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Letter to the Editor: McKinley only partly right on climate change

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Rep. David McKinley, R-W.Va, is mostly right when it comes to climate change, but he makes a serious strategic mistake when he says anything at all to support the climate scare.

He is right that "there is climate change." Climate always changes on planets with atmospheres. He is right that nature cycles are a major factor. After all, we see periodic ice ages and ‘hot house' periods driven entirely by natural cycles.

But he is wrong to acquiesce to the view that burning coal and natural gas contributes to climate change. Even scientists specialized in the field do not really know that. They recognize that climate science is in its infancy and the impact of hydrocarbon fuel burning could very well be negligible. The lack of global warming for the past 17 years while fossil fuel use is soaring in the developing world suggests that there is something seriously wrong with the human-caused warming theory. In fact, we don't even know whether warming or cooling lie ahead, let alone the causes of such changes.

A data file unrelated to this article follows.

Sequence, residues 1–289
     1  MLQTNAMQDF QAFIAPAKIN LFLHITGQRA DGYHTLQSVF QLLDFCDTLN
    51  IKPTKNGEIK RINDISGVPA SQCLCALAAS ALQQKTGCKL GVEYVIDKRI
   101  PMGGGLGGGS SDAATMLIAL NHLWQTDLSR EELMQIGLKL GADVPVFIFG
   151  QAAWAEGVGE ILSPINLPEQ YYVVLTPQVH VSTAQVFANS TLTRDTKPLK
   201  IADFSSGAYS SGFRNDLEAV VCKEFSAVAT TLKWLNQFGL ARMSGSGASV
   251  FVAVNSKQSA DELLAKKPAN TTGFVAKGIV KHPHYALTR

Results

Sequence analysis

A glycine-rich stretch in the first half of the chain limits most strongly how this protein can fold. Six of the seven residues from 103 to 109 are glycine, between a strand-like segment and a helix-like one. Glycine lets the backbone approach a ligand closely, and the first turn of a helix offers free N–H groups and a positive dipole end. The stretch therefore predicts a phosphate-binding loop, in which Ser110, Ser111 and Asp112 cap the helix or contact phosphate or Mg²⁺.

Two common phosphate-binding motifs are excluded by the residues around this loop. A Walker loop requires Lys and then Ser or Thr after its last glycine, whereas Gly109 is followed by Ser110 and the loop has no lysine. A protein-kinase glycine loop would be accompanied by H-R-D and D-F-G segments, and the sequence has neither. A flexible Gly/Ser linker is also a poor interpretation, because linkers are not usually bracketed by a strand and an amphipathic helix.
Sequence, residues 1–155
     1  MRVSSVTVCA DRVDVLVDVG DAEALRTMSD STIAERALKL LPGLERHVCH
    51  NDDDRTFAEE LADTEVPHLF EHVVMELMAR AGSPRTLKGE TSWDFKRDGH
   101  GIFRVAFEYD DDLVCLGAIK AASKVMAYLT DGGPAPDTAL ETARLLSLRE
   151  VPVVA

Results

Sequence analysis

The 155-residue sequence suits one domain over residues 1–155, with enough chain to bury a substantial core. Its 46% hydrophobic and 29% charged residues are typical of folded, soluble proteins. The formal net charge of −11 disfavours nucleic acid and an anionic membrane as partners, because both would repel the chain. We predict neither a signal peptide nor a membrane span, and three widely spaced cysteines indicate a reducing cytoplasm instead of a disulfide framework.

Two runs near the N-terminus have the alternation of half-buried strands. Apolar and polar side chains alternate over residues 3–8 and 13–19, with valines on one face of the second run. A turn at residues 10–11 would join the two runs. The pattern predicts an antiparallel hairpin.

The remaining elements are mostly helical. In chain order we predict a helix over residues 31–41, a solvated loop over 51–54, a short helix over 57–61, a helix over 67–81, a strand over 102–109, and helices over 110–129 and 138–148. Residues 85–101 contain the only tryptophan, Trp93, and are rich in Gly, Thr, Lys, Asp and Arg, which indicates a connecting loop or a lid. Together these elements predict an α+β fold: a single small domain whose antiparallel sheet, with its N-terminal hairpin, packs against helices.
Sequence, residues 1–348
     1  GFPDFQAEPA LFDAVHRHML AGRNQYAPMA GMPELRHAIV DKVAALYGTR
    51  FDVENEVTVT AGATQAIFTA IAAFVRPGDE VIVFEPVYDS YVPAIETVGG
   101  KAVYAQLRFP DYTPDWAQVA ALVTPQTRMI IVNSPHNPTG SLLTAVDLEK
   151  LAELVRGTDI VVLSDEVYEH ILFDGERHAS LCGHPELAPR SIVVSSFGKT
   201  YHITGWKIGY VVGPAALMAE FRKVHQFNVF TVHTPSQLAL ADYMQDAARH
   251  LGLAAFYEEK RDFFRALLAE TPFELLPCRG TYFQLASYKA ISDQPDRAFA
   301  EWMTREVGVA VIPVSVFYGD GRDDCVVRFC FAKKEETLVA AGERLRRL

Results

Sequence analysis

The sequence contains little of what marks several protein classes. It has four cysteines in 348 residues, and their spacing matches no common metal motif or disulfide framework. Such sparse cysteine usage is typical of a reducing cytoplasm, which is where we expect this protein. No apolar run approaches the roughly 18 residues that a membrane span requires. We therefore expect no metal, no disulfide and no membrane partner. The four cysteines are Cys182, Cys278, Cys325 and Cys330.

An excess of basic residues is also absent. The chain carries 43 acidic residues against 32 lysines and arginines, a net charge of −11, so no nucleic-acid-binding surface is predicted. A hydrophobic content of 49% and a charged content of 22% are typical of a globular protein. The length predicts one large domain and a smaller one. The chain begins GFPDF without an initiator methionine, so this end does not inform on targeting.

Professors Chris Essex (University of Western Ontario, Canada) and Ross McKitrick (University of Guelph, Canada) write in their award-winning book "Taken by Storm," "Climate is one of the most challenging open problems in modern science. Some knowledgeable scientists believe that the climate problem can never be solved."

The Nongovernmental International Panel on Climate Change (www.nipccreport.com), due to release their next report soon, demonstrates that much of what we thought we knew about climate is wrong or highly debatable. As I showed the 1,500 students I taught at Carleton University in Ottawa, Canada, the science is becoming more unsettled as the field advances.

McKinley is right that "energy is what drives West Virginia." And it is coal, the source of 96 percent of West Virginia's electricity, which has given your state the inexpensive power (12th lowest rates in the U.S.) that you need to maintain your prosperity. But coal is at serious risk because of the climate scare. Consequently, the congressman must say nothing at all that would feed the fire that is threatening to burn down the state's most important power source, no matter how politically correct such statements may be.

 

Tom Harris
Executive Director,
International Climate Science Coalition
Ottawa, Ontario, Canada